Thursday, November 29, 2012

The Dark Knight Rises - The Re(al) - view

Bane: Theatricality and deception are powerful agents to the uninitiated... but we are initiated, aren't we Bruce? Members of the League of Shadows!
Bane: And you betrayed us!
Bruce Wayne: You were excommunicated... by a gang of psychopaths!
Bane: I AM the League of Shadows, and I'm here to fulfill Ra's al Ghul's destiny!
Bane: You fight like a younger man, with nothing held back. Admirable but mistaken.
[Batman uses an EMP device to cut the lights]
Bane: Oh, you think darkness is your ally. But you merely adopted the dark; I was born in it, moulded by it. I didn't see the light until I was already a man, by then it was nothing to me but BLINDING!
[grabs Batman from the shadows and continues to beat him]
Bane: The shadows betray you, because they belong to me!

Yes, it's nearly impossible to top The Dark Knight, but Christopher Nolan nearly did with his final installment of the Batman trilogy.

I have to admit that upon seeing the film, I was disgusted with it - yep, that was the feeling. Why? I was expecting an outright sequel to The Dark Knight, but what Chris Nolan (who directed, co-produced and co-wrote the film) did was to make The Dark Knight Rises much more in-tune with Batman Begins (which is the first movie of the trilogy), adding elements from how The Dark Knight ended, the whole Harvey Dent/Two Face debacle. For this, I thank him a lot!

First thing, do not compare TDK with TDKR, as it would cloud your judgement of a really fine movie (and I must confess that I did exactly this when I first saw the film). They are two different films; here's how. TDK was made to showcase the Joker and in the climax of the film (with a really awesome plot twist, introduce Two Face), Batman in TDK was not even playing second fiddle to this guys rather he was like the third wheel to a date, well maybe fourth as Commissioner Gordon's role was integral. In essence, TDK is somewhat the stand-out film of the trilogy, but with the way it ended it was inevitable the direction TDKR was going to take.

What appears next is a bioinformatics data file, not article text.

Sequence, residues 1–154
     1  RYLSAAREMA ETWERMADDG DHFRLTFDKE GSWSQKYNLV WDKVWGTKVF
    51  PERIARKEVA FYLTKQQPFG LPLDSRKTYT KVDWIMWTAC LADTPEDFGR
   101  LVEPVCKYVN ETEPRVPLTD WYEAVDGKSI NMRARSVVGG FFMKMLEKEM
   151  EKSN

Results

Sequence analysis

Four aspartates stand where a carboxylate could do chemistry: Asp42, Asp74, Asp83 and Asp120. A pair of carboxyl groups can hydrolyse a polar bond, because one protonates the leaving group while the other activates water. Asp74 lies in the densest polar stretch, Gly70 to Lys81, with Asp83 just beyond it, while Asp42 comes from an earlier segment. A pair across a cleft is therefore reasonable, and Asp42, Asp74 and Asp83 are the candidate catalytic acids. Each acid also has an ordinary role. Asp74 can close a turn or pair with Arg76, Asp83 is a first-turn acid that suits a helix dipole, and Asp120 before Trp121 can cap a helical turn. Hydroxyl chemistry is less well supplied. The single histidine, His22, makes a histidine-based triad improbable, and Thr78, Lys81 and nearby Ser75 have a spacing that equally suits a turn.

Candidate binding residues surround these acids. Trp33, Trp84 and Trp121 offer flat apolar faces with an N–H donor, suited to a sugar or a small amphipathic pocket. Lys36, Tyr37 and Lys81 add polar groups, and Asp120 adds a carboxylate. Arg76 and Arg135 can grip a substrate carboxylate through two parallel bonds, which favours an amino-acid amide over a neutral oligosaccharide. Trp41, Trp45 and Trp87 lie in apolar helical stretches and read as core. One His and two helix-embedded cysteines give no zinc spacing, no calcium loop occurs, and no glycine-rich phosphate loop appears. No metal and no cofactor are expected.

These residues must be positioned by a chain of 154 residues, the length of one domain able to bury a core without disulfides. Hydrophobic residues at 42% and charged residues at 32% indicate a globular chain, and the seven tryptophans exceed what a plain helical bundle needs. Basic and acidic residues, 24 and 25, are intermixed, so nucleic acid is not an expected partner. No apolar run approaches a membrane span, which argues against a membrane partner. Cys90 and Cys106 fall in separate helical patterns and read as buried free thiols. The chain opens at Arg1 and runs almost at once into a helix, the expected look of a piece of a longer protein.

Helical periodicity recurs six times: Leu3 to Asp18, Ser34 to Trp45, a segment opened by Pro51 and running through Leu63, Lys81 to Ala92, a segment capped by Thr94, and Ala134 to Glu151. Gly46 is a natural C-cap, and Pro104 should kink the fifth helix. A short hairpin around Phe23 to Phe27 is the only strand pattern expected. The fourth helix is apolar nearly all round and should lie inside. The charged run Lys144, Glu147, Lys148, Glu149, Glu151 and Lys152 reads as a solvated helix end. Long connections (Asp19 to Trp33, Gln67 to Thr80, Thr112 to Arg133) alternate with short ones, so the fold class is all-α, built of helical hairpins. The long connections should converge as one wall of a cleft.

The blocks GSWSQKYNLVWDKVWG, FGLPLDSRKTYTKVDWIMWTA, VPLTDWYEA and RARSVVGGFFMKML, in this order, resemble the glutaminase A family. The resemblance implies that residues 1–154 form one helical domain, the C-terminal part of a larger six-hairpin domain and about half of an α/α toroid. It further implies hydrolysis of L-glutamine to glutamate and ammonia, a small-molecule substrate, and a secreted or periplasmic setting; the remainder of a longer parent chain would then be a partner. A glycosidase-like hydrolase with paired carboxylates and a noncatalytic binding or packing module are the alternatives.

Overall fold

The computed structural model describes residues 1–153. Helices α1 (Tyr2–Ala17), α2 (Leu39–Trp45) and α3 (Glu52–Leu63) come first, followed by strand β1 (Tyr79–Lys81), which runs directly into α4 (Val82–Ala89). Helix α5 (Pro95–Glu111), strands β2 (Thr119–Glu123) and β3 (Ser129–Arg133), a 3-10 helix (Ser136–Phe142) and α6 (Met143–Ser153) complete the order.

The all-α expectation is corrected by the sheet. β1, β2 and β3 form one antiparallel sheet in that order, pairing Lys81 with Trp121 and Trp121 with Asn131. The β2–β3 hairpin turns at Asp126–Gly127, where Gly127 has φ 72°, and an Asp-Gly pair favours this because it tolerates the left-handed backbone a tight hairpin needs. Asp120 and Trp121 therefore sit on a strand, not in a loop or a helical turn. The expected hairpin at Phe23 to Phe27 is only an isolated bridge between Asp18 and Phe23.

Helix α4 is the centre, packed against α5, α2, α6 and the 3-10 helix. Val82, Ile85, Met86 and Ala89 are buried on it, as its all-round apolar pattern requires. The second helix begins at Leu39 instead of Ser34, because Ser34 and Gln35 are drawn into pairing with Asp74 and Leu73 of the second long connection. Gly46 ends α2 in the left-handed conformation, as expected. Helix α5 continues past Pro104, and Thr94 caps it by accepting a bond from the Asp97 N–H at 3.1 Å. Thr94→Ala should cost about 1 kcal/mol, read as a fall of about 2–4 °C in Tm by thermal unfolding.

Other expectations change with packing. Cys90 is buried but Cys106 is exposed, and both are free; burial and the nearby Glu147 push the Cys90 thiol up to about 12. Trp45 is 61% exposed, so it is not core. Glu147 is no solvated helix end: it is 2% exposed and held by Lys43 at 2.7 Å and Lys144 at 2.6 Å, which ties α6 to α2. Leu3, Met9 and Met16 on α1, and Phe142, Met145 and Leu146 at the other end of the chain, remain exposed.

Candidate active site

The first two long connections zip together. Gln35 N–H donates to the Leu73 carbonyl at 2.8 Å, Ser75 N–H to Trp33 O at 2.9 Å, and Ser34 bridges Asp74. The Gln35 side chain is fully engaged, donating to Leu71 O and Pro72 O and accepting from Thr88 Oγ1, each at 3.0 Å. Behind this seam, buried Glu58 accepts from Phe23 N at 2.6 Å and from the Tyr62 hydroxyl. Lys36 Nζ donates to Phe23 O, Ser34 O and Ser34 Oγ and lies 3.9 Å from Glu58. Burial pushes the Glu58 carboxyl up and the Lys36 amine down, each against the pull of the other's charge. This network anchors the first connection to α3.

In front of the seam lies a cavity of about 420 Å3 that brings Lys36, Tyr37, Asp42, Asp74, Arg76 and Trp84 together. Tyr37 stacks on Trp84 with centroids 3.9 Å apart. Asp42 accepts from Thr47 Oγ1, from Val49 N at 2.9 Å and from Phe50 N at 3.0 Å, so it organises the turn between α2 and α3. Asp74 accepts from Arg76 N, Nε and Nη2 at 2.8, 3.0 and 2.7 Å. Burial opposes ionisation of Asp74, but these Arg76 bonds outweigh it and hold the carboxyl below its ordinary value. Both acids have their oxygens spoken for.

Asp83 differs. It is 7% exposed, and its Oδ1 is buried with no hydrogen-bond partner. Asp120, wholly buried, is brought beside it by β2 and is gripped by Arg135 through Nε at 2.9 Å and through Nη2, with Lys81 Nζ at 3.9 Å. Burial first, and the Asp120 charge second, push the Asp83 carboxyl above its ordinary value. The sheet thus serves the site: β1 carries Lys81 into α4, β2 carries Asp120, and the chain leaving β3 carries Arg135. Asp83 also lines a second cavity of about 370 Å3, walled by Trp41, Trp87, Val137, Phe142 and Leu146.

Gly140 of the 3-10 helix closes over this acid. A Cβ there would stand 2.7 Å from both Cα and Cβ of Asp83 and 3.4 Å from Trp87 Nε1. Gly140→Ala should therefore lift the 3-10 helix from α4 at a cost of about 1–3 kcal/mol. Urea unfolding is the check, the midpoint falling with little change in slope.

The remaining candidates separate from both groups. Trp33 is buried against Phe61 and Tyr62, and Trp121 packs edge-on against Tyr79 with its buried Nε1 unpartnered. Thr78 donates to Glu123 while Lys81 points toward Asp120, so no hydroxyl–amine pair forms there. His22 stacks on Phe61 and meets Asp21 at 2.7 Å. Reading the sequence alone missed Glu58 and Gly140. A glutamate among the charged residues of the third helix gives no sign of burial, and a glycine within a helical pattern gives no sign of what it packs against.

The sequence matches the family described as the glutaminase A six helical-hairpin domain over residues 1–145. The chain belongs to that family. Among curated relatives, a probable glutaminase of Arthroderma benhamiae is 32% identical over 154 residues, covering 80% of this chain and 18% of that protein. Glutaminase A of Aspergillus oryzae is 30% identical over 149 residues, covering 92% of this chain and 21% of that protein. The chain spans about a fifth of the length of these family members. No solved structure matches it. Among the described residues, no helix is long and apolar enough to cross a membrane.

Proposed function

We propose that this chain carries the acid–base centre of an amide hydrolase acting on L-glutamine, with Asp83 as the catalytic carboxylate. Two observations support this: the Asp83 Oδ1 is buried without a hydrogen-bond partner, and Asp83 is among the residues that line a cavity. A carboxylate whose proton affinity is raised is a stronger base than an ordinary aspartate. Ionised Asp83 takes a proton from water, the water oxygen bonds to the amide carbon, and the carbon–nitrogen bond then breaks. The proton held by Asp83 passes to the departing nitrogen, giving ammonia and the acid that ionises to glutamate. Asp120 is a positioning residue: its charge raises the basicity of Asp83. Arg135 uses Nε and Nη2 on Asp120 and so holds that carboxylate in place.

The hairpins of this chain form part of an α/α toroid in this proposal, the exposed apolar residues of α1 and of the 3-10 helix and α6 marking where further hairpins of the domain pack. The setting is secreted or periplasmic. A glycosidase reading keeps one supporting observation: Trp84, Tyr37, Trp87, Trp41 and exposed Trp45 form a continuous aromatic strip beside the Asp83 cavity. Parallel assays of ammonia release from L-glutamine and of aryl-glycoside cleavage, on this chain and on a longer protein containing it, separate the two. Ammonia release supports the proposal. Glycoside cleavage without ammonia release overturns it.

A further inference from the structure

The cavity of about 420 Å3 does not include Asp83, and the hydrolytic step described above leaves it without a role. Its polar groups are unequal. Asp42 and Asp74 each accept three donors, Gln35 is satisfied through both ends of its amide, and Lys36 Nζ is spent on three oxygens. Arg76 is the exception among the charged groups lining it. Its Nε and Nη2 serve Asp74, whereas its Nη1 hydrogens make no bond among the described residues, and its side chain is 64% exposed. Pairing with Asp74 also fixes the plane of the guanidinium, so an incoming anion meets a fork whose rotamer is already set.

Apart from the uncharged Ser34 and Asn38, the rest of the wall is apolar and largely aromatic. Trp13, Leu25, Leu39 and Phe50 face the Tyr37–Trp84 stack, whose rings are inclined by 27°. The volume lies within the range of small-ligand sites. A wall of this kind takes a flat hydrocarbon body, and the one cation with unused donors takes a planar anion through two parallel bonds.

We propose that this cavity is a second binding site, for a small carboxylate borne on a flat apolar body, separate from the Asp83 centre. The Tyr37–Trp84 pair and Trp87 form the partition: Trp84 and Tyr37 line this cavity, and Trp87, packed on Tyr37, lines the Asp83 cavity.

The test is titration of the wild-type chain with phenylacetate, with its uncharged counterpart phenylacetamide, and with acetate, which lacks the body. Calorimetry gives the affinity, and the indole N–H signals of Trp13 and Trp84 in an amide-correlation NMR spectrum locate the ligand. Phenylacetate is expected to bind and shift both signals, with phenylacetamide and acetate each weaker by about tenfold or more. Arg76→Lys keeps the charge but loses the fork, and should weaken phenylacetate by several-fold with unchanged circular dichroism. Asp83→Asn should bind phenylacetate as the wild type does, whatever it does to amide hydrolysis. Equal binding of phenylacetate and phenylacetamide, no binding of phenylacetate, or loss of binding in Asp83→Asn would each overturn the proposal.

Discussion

TDKR focuses much more on sorrow, pain and the truth behind heroes. TDKR, with all respect to Tom Hardy's brilliant portrayal of Bane, was Batman's swan song. It focused on Bruce/Batman's loss of everyone and thing he cared about (Gotham), heck Alfred left him! This is a film that truly showcased the ferocity of Batman, and his adversary - Bane (as Miranda Tate/Talia al Ghul doesn't really count) was a true match this time physically for him. TDK's Villainy was mostly ideological with a lot of fire power, but with TDKR it kinds of steps up a notch with the physical presence of Bane, his body language doing most of the talking. Although his voice is still an issue, and a remedy is - watch it with subtitles as it solves the hearing issues; Tom Hardy's build and mannerism here was that of a juggernaut, seeking to favour his hands over guns just adds to his belief in the cause; and this sort of reminded me of his role in Warrior, where he was also ferocious, maybe not on the same level as Bane.

Why does TDKR make the perfect swan song for Nolan's Baman? This is because, everything he (Batman) worked so hard to protect was destroyed, including him; as a result of the Batman's absence slowly there's a new set of heroes emerging (like Selina Kyle and John Blake), and these ones don't exactly follow the Bat's principle, ie killing bad guys was not off the table for these guys. Yes, it could be argued that the beginning of the film, saw too many new characters, but as the film progressed every character began to fall into their rightful place (except for Marion Cotillard's Miranda Tate), and that is as a result of masterful film-making.

By now it's unnecessary to begin to point out the beautiful job the special effects team and composer (Hans Zimmer) did with this film, because anyone who has seen Inception would know that Nolan doesn't fail in that department.

TDKR is a masterpiece, with an intricate plot and a superb (not cool or jolly good) superhero film. These words said by Commissioner Gordon (portrayed by Gary Oldman) kinds of put things in perspective. A worthy way to end the best superhero trilogy (and one of the best trilogies) ever made.
Jim Gordon: I see a beautiful city and a brilliant people rising from this abyss. I see the lives for which I lay down my life, peaceful, useful, prosperous and happy. I see that I hold a sanctuary in their hearts, and in the hearts of their descendants, generations hence. It is a far, far better thing that I do, than I have ever done; it is a far, far better rest that I go to than I have ever known.
A five star movie.